People's participation in resource management
WHATEVER their area of work, non-governmental organisations (NGOs) have made the most headway in involving people in managing their natural resources. Says one NGO activist, "Local people are very smart. They know that if an NGO is merely doing something for them, it will leave them in the lurch after the project is completed. Only if they work with the people can projects be sustained."
The Centre for Science and Environment, New Delhi, recently organised a six-day training programme on People's Participation in Natural Resource Management to learn from the attempts that have been made in the participatory management of natural resources. The training programme covered different strategies used for involving people in the management of forests, water systems, urban problems and credit mechanisms. Some case studies also focussed on how to legislate or institutionalise people's participation. One day was also devoted to discuss the involvement of women in the management of natural resources. CSE plans to hold more workshops of this kind on related themes.
Beginning with employment-generation activities and afforestation with the technical support of the Gujarat Forest Department in 1985, the AKRSP(I) soon decided to form villagers' organisations to run decentralised nurseries, choose species for afforestation through participatory processes (involving the use of the villagers' own knowledge), and organise patrols to prevent encroachment by cattle or humans. The aim is to develop adequate sources of fodder, fuel and timber for the tribals of Bharuch district as well as to enhance their incomes.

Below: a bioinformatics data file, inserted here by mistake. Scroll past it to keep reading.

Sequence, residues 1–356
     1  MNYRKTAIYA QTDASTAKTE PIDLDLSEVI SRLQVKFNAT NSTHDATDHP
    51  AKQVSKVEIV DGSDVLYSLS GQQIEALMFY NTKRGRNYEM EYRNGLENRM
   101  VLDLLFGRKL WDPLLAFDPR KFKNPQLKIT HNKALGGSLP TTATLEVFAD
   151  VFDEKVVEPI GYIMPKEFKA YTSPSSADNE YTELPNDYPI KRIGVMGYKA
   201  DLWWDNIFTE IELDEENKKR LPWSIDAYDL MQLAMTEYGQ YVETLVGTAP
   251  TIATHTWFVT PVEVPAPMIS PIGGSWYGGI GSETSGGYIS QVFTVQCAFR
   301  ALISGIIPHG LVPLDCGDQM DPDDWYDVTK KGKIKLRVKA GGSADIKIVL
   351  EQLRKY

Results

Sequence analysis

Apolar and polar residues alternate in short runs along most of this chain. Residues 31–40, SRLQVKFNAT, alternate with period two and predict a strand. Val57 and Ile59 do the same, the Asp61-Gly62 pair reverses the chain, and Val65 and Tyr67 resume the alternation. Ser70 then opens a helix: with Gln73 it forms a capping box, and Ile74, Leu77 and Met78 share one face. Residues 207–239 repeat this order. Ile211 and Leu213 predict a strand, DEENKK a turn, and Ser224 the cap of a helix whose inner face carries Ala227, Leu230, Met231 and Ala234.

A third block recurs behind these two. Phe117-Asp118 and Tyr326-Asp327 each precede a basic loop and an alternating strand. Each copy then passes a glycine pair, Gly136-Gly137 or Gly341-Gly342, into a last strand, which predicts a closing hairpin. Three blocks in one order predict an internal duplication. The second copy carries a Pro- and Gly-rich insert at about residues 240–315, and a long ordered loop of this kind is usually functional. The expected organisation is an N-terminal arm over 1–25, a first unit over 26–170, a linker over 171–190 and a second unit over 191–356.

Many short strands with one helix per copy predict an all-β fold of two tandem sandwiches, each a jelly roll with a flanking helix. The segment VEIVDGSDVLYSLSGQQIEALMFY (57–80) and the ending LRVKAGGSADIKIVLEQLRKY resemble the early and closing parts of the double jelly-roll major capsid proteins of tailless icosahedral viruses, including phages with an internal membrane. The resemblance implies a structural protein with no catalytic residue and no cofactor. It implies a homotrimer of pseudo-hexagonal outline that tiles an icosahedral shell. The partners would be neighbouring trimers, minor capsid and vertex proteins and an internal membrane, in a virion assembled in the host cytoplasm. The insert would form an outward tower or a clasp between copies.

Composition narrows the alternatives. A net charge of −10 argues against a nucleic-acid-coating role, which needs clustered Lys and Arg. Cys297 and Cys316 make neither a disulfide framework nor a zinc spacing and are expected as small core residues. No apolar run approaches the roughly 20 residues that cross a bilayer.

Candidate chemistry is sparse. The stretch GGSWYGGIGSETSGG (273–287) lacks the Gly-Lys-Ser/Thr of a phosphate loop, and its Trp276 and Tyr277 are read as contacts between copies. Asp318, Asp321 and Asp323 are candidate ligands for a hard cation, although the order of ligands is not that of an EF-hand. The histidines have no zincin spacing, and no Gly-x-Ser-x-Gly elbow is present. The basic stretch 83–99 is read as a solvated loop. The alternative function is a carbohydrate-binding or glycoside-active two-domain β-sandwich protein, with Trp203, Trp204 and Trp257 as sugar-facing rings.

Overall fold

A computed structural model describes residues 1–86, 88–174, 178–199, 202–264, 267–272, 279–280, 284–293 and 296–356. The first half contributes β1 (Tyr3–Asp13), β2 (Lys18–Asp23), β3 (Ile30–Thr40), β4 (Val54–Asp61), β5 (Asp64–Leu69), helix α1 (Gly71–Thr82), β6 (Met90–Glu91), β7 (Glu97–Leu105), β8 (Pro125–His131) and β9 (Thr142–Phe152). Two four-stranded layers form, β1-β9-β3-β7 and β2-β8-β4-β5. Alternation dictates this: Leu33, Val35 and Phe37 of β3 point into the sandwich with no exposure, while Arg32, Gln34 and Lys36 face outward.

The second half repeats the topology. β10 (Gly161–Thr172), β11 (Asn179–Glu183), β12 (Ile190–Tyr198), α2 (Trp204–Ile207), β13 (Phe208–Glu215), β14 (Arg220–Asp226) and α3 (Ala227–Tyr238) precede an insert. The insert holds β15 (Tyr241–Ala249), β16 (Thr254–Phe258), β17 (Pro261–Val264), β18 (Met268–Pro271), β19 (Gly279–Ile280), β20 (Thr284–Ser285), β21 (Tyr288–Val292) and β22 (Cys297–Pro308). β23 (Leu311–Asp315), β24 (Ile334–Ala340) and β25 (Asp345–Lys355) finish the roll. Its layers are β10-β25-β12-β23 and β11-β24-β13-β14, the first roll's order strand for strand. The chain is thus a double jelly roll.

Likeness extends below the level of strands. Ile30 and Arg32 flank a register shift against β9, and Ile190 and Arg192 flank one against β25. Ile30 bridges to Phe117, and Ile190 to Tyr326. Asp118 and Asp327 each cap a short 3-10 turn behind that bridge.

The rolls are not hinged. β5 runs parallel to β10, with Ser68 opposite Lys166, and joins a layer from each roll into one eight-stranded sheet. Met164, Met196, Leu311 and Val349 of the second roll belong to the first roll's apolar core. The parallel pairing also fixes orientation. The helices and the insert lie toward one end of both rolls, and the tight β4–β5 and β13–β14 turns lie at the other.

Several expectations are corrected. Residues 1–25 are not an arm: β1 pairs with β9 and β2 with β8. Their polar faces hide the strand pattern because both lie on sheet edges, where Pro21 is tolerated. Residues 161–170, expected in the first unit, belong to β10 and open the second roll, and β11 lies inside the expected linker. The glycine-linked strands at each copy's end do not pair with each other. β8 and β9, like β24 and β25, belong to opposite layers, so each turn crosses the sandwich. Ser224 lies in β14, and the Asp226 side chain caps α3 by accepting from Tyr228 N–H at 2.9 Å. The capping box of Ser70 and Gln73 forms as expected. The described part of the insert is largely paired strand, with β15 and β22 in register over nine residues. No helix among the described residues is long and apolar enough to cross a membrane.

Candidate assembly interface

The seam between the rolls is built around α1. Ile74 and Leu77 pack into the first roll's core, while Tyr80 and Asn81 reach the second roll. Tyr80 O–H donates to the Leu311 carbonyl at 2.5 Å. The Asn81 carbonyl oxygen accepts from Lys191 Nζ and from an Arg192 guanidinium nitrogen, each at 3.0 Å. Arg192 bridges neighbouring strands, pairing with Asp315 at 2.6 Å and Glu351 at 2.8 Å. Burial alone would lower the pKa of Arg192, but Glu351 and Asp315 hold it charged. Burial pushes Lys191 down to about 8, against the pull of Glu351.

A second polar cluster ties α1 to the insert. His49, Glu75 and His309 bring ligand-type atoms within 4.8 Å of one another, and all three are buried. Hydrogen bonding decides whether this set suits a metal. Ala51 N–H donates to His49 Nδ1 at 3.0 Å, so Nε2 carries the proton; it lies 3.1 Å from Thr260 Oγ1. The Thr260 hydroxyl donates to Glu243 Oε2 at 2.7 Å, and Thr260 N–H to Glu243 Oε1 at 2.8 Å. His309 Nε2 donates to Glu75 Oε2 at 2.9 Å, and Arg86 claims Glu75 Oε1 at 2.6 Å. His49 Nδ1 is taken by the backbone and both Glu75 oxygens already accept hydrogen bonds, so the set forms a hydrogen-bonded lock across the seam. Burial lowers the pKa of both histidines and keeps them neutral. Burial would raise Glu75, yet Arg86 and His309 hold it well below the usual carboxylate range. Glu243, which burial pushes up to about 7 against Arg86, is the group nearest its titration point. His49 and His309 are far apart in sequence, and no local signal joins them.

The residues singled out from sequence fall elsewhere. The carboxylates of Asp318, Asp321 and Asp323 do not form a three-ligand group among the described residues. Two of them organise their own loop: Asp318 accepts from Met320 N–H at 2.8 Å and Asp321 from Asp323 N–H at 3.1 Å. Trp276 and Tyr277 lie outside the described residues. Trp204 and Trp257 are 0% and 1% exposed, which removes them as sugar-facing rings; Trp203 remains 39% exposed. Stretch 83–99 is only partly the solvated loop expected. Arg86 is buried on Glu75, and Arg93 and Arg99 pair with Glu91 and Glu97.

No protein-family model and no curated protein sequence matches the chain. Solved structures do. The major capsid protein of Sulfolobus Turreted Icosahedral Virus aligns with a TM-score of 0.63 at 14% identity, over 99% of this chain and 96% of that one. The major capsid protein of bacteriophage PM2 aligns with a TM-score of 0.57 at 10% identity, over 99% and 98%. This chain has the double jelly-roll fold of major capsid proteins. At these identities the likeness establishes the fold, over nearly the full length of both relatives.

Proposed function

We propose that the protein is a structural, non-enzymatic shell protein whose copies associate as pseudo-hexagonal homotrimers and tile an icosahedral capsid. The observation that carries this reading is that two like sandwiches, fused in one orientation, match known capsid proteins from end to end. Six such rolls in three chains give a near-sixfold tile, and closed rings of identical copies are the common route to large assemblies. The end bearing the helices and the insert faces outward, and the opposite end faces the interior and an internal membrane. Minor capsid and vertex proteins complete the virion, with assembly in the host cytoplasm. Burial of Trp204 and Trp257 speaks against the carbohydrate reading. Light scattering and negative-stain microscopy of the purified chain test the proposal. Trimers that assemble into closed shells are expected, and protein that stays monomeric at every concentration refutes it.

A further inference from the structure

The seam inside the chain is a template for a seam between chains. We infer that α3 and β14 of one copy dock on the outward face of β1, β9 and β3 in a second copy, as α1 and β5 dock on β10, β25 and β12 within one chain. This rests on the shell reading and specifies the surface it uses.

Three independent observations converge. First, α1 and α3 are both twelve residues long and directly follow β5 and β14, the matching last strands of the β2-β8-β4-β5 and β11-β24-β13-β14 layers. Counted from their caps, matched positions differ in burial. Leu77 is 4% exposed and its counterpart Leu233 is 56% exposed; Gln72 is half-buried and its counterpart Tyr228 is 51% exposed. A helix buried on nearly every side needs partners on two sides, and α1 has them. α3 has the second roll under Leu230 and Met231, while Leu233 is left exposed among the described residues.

AKRSP (I)'s approach is based on the principle that villagers are aware of how the forests meet their needs, and will readily manage and protect them if they can be assured of present and future benefits.
The brainchild of the maverick forester-turned-soil conservationist-turned-community mobiliser, P R Mishra, the CVP is based on the principle that "human psychology will itself motivate all hands to protect a pranali (system), if that pranali has an in-built mechanism to protect all hands", which was conceived and developed by Mishra on top of a hill in Sukhomajri village near Chandigarh.
Informal Forest Protection Committees (FPCs), which consist of representatives of all village families in a demarcated area, were formed. These committees helped both in the regeneration of the forest as well as in meeting people's biomass and subsistence needs through income from non-timber forest products. To encourage joint forest management, the government of West Bengal has issued orders permitting village communities a share in forest products. Today, there are 1,998 FPCs in five southwestern districts of West Bengal.
To get in touch....
Aga Khan Rural Support Programme (India)
Swastik Cross Road
Ahmedabad 380 009
P R Mishra
Society for Hill Resources Management School
Dak Bungalow Road
Daltonganj 822 101
Conservator of Forests
Western Circle, West Bengal
35, Gopal Nagar Road, Alipore
Calcutta 700 027
Centre for Science and Environment
F-6, Kailash Colony
New Delhi 110 048
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